As of December 31, 2022, real yields are positive across the entire Treasury curve and spreads for corporate bonds rated A and BBB offer positive real yields. While yields still may not be quite high enough to cover a full 5 percent spend rate, or a 7 to 8 percent discount rate, IG fixed income is in a position to substantively contribute to those investor objectives after the significant 2022 rate rise and in anticipation of a less aggressive Fed monetary policy moving forward.

We consider several factors as we form our cautiously optimistic view of fixed income investing opportunities in 2023. Among them are:

  • Despite higher correlations relative to historical levels across assets at times during 2022, IG fixed income should continue to provide diversification benefits and a ballast within an overall portfolio.
  • Potential recessionary concerns could keep longer-maturity treasury yields anchored
  • Elevated geopolitical risks could have relatively more negative consequences for economies outside the U.S. Factors like these could potentially cause rates to fall back down quickly.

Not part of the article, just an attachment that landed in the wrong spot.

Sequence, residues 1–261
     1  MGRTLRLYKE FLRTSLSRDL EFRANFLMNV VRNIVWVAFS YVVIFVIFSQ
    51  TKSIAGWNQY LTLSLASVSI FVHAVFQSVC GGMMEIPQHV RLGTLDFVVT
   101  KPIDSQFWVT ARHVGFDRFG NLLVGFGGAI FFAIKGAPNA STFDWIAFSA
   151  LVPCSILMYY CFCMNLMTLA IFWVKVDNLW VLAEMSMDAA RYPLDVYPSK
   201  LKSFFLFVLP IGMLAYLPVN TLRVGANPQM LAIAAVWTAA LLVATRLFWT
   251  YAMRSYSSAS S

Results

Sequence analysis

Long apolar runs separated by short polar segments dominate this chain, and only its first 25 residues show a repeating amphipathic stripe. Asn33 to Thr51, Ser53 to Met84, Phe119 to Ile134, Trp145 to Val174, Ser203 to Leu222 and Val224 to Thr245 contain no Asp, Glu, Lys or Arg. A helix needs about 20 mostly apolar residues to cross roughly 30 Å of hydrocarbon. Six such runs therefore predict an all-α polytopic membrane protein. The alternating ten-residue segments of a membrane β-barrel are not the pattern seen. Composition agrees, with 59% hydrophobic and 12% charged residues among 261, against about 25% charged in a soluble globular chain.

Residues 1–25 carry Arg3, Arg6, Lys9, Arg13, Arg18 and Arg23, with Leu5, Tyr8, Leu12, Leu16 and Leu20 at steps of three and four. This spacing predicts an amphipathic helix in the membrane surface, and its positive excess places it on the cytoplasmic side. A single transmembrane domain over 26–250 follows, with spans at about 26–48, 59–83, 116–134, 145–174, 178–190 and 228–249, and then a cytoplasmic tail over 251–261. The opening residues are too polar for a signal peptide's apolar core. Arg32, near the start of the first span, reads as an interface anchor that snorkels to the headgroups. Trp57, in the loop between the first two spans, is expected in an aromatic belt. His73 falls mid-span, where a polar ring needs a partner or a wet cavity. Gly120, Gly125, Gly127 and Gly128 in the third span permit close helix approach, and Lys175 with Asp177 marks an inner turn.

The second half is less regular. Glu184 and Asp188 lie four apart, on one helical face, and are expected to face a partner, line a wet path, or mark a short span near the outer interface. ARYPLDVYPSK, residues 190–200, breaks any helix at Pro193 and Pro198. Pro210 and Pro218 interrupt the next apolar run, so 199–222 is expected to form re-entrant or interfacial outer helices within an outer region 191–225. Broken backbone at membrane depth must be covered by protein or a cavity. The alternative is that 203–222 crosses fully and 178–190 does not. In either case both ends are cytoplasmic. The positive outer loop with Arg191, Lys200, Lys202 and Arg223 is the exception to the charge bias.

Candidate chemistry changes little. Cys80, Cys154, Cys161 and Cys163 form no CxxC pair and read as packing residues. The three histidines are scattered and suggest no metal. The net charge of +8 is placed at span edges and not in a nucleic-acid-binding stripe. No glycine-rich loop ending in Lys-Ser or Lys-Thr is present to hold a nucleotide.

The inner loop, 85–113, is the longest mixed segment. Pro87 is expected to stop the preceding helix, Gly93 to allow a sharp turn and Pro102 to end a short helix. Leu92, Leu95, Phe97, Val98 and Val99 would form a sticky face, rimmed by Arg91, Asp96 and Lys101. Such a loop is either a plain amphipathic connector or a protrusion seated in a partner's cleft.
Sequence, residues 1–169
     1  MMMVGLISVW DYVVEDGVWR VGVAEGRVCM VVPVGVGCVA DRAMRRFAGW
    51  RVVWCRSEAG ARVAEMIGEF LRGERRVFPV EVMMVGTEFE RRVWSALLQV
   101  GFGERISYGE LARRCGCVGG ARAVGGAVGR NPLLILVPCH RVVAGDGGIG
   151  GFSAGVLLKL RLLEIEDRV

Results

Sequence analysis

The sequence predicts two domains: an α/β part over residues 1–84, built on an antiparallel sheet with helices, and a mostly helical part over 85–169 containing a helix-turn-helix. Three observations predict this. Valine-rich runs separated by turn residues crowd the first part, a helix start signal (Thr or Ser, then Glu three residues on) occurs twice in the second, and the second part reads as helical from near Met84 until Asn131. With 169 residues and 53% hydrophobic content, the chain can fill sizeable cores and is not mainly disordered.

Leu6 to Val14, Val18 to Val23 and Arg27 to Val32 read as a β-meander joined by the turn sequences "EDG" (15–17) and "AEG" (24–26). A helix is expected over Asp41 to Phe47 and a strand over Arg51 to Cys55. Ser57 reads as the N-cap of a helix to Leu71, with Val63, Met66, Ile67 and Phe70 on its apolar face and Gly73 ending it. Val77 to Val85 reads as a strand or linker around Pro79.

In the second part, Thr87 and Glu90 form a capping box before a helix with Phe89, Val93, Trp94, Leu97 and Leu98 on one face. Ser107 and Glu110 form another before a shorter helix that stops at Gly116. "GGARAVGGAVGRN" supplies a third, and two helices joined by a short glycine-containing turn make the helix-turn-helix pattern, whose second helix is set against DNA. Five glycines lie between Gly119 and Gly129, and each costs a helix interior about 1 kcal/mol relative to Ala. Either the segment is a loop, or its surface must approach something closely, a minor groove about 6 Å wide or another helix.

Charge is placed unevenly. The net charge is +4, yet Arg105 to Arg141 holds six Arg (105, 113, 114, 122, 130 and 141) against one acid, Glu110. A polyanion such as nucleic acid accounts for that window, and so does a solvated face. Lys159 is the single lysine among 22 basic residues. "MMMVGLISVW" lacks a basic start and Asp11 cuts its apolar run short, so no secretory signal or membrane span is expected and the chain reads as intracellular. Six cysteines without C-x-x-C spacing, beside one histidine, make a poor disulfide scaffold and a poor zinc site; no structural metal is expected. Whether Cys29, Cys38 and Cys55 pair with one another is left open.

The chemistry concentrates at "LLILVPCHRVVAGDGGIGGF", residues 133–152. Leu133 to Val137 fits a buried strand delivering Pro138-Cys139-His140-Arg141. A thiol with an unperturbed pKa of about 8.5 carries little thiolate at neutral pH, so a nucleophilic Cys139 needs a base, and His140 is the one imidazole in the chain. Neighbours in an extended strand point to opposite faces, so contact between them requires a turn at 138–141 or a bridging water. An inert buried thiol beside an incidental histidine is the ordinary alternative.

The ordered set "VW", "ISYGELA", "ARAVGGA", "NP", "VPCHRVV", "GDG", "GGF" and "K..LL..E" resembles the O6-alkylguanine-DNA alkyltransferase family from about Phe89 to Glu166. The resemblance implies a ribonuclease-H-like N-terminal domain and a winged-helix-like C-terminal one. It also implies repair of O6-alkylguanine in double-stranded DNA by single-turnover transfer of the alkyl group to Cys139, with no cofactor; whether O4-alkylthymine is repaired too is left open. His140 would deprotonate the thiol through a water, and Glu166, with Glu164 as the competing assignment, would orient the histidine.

With these considerations in mind, our view is that seeking to lock in higher yields offered currently in the market by incrementally adding to IG fixed income allocations may make sense.

If rates rise and/or fixed income markets continue to sell-off, for investors taking a measured approach to deploying capital over time the current market could offer an opportune time for investors to start legging back into IG fixed income.

What about credit impacts that could result in further pain in the IG fixed income market?

The IG corporate market has endured three recessions and eight market shocks over the last 25 years. IG corporate excess returns typically turn positive during recession as the Fed cuts rates. Ex-recession, market shocks and volatility can be equally damaging to IG corporate excess returns.

On December 31, 2022, AA and BBB corporate spreads were slightly wide to their 100-year medians, still well inside recessionary levels. BBB spreads at 159bps on December 31, 2022, were consistent with growth/earnings slowdowns in 2015 and 2019, but not recessions or crisis (2012, 2020). We see potential opportunity in corporate bonds as all-in yields historically have spiked back to 2010 to 2011 levels, excluding the brief period during the height of pandemic fears in March and April 2020. Figure 2 illustrates that the rate component of IG yields through December 2022 dominated the spread component, and consider at 130bps, the IG Index OAS is actually 19bps below its mean since 1993, suggesting stable fundamentals.